Vegetable farming in Raigad district in Maharashtra
Consider the case of 57-year-old Abdul Gaffar Rahatvilkar, who used to be an oil rig worker in Kuwait. He returned to his village in Raigad, learnt innovative farming techniques at Swades and today reaps a lush crop of beans from his small farm. He now mobilises fellow farmers to adopt farming techniques that provide lucrative output in smaller plot sizes. Like him, 27,086 farmers have learnt to implement new farming technologies to enhance yields at low costs through Swades. All in all, Swades’ interventions have benefitted over 550,000 people thus far.
“It’s been a challenging journey,” says Screwvala. Their very first task was to create a professional team which could run Swades like a corporation and not an NGO. Since its inception, Swades has trained over 1,000 community volunteers and over 300 full-time staffers to work at the grassroots. Building trust with the community was another challenge, especially as the Swades model entails that each beneficiary household buys in to the project with a small monthly amount. But the toughest task remains to create projects with a sustained, permanent impact. “Our strategy is to hand over a project to the community only after every household agrees to contribute a monthly amount towards the maintenance and the community forms a special committee to operate and maintain it,” he says.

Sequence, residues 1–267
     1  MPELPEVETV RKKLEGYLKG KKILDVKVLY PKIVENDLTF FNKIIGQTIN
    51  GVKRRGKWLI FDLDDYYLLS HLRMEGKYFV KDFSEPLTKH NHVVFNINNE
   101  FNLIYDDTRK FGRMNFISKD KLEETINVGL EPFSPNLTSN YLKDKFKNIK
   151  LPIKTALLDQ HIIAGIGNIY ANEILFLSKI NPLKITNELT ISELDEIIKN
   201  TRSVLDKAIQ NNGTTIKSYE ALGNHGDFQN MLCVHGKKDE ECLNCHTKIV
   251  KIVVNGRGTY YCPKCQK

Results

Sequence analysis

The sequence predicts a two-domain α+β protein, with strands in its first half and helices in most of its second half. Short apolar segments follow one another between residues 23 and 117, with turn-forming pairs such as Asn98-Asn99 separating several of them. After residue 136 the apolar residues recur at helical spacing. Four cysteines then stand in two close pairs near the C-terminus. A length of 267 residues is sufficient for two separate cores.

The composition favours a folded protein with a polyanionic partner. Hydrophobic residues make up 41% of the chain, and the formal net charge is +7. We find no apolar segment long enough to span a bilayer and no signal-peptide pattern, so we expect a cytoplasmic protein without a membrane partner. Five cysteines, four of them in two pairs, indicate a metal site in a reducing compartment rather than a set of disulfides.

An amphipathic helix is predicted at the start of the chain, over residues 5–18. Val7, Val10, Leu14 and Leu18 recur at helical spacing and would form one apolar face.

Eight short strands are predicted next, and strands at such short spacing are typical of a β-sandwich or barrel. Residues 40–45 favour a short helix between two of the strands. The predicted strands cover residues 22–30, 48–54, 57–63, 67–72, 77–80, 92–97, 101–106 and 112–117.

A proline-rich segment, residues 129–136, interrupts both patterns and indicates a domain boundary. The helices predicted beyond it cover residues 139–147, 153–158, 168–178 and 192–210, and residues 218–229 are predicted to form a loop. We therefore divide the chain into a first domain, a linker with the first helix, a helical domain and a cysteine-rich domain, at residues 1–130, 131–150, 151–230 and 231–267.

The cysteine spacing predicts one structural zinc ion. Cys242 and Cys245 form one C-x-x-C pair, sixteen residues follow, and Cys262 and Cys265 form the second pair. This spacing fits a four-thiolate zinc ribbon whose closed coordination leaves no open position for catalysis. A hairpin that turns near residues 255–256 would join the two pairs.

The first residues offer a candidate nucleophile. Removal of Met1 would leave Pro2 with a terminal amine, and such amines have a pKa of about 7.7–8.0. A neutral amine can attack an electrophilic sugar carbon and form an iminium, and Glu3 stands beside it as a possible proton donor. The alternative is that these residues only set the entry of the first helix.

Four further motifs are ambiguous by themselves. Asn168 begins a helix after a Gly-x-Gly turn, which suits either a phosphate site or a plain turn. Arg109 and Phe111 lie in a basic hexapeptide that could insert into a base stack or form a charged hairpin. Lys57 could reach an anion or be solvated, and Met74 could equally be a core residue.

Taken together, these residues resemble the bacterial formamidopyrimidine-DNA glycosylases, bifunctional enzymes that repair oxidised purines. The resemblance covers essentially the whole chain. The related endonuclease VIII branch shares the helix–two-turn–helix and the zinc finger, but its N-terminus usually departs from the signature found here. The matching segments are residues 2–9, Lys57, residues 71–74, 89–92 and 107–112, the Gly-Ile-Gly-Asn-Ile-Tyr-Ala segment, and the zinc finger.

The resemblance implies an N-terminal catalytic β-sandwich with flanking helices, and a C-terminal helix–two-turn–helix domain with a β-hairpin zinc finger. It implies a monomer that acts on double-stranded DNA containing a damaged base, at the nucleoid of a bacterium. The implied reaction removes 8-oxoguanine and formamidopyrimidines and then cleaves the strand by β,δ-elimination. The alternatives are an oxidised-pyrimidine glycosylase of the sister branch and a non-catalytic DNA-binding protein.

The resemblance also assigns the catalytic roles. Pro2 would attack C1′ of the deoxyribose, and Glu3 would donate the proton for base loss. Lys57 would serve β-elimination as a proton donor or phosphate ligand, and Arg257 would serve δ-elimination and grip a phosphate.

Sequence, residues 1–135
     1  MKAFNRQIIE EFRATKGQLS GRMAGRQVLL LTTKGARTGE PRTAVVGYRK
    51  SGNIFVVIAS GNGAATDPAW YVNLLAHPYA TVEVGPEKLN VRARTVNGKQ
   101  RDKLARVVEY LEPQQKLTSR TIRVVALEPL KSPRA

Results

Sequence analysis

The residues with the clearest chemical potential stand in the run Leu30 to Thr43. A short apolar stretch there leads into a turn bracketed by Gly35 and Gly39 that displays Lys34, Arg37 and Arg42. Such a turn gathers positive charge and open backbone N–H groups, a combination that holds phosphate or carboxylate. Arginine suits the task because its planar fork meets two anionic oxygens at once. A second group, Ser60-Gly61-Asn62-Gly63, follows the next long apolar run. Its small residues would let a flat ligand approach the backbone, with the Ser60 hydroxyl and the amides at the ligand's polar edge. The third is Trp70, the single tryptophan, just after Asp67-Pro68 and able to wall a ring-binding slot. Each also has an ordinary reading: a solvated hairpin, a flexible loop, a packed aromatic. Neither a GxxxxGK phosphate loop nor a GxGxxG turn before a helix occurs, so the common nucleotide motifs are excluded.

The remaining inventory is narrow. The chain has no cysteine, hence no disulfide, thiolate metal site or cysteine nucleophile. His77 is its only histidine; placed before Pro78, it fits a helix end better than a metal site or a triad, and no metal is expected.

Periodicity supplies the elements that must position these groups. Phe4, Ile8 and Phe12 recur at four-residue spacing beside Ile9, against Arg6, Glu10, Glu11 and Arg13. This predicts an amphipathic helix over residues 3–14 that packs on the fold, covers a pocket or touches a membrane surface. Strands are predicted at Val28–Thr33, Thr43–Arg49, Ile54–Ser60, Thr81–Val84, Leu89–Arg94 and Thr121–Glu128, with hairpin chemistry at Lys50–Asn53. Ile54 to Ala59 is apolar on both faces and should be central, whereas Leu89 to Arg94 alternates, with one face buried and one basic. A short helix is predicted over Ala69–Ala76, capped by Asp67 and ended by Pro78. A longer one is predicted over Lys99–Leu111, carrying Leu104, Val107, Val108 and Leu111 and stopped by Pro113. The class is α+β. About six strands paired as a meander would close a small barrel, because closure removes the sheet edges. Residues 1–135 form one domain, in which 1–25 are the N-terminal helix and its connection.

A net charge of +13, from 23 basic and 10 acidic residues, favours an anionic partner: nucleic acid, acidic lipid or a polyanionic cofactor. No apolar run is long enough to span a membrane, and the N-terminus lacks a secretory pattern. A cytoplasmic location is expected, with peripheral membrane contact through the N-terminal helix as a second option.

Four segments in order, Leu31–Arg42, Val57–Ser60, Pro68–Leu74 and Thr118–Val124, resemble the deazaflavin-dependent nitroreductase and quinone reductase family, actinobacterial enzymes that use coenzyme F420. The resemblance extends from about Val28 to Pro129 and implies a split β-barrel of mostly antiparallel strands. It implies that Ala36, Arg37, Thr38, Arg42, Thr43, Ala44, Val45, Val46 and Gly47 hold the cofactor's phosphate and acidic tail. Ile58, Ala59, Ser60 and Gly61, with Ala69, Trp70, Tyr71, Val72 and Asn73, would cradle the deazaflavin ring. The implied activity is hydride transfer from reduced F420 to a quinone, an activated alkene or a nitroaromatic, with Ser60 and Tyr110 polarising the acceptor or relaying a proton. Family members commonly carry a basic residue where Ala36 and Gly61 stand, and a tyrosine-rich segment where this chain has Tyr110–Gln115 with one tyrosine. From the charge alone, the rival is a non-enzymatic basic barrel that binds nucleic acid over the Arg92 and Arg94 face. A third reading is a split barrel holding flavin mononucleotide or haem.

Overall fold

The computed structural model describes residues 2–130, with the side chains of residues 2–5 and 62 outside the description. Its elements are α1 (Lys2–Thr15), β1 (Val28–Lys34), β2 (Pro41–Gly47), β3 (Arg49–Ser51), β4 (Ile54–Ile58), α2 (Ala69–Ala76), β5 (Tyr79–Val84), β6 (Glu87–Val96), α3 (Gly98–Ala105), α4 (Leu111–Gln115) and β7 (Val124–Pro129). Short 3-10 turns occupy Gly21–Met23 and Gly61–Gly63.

Developing community heroes, people who have used their training with Swades to motivate, enable and empower others, is a conscious effort in this direction. Also, Swades has identified 300 “dream villages” — communities they hope will soon become independent and self-sustaining, allowing them to exit.
Swades works on an initial endowment made by the Screwvalas and individual, corporate and institutional donors. Tata Trusts is a major funding partner. Others include Australian Aid, Oracle, ONGC and IL&FS. The Foundation matches each donation made by its partners. Future plans include expanding to other districts (they have already started working in Nashik). However, they already spend between Rs 120 and 130 crore per annum, necessitating an ongoing search for more partnerships. “We also want to document our impact,” says Screwvala, “in order to refine our model and make it easily replicable.”
Meanwhile, Manali Sawant, a Swades hero, has set up her village’s first vermicomposting unit and has a ready-made market within her community. Young widow Vidya Kule has become a community health worker at Swades and ensures her community gets the medical treatment they need. Among the million people Swades aims to lift out of poverty in five years, they show that Gandhi’s dream of Swades can still be realised, one dream village at a time.
To learn more, visit swadesfoundation.org or follow their YouTube channel